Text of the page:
The image below, of galaxy Messier 106 (M106) was taken with the Nicholas U. Mayall 4-meter Telescope at Kitt Peak National Observatory in Arizona. M106 – also known as NGC 4258 – is a spiral galaxy, like our own Milky Way galaxy. In a spiral galaxy, the stars, gas and dust are gathered in spiral arms that spread outward from the galaxy’s center. This view of M106 captures the entire galaxy, detailing the glowing spiral arms, wisps of gas, and dust lanes near its center, as well as the twisting bands of stars and gas at the galaxy’s outer edges. You can also see two dwarf galaxies in the image; NGC 4248 in the lower right and UGC 7358 in the lower left.
Large galaxy with spiral patterns around its bright center, with two much smaller, fainter galaxies nearby.
View larger. | This spectacular image highlights the majestic spiral galaxy Messier 106 and its diminutive neighbors, as well as a dense field of background galaxies and foreground stars. This may be the best view yet of Messier 106 in its entirety, showing both the warped central disk and the tenuous outer reaches of the galaxy. Image via NSF NOIRLab.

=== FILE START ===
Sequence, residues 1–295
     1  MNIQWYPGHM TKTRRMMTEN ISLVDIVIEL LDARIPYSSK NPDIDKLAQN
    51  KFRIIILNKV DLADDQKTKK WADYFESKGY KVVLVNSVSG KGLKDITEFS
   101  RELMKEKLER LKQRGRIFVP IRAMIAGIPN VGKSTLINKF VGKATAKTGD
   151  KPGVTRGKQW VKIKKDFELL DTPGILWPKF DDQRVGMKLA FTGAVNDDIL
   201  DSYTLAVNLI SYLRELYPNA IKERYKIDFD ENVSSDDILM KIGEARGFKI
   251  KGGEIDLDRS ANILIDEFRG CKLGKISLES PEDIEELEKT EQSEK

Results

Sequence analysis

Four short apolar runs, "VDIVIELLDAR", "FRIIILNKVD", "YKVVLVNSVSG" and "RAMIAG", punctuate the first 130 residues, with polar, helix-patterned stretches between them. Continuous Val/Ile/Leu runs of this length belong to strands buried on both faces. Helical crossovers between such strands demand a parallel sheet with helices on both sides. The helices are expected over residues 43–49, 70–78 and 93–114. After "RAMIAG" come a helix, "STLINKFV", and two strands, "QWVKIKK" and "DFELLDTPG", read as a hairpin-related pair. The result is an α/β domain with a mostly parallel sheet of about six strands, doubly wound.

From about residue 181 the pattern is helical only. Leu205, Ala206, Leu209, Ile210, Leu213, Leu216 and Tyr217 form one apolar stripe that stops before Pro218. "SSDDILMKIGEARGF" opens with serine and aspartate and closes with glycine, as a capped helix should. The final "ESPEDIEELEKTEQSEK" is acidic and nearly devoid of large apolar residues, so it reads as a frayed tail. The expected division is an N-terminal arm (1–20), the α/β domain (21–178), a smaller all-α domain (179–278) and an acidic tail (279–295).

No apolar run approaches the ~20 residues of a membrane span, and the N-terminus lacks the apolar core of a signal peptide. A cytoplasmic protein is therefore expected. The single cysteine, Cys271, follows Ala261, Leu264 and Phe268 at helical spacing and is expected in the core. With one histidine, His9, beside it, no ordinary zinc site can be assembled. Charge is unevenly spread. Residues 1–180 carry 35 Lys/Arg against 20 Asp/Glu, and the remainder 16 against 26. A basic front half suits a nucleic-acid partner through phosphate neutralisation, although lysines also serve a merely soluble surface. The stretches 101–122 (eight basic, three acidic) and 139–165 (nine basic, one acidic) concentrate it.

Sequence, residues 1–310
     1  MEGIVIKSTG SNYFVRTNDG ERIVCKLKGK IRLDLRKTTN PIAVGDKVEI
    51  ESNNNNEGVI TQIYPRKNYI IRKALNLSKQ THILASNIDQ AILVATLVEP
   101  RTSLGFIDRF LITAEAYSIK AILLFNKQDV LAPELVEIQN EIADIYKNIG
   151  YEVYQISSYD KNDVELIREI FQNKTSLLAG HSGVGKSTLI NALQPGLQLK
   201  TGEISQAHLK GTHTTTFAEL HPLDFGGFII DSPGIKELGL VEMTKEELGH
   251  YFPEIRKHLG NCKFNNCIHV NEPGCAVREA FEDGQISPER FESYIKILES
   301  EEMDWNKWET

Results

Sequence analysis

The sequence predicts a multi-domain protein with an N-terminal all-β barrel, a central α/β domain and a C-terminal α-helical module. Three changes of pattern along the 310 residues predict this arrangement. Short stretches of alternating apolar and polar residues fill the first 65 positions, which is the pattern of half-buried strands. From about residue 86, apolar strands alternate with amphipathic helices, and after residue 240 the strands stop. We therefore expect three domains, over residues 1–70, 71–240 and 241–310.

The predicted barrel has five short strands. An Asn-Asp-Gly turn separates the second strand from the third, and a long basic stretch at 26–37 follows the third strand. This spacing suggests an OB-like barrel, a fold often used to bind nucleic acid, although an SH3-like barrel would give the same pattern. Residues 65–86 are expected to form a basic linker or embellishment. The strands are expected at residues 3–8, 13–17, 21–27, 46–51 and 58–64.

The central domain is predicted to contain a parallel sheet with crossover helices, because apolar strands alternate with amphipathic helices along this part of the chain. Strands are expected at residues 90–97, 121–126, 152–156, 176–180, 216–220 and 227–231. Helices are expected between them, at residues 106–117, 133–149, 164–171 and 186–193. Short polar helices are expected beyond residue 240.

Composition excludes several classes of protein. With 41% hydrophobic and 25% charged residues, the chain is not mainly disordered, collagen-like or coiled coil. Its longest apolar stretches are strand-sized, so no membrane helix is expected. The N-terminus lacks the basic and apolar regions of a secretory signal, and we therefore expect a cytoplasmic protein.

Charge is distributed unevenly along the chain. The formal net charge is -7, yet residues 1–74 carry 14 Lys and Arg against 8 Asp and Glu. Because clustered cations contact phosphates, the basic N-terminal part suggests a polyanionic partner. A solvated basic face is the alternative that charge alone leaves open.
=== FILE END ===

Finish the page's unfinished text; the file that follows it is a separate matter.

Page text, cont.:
According to a statement from NSF’s NOIRLab:
A popular target for amateur astronomers, Messier 106 can be spotted with a small telescope in the constellation Canes Venatici. Messier 106 is similar in size and luminosity to our galactic neighbor the Andromeda galaxy, but it lies 10 times farther away — more than 20 million light-years from Earth. Though the galaxy measures more than 130,000 light-years from edge to edge, the vast distance between it and the Milky Way renders Messier 106 minuscule when seen from here. Its size in the night sky — if it were visible to the unaided eye — is less than that of a penny held at arm’s length!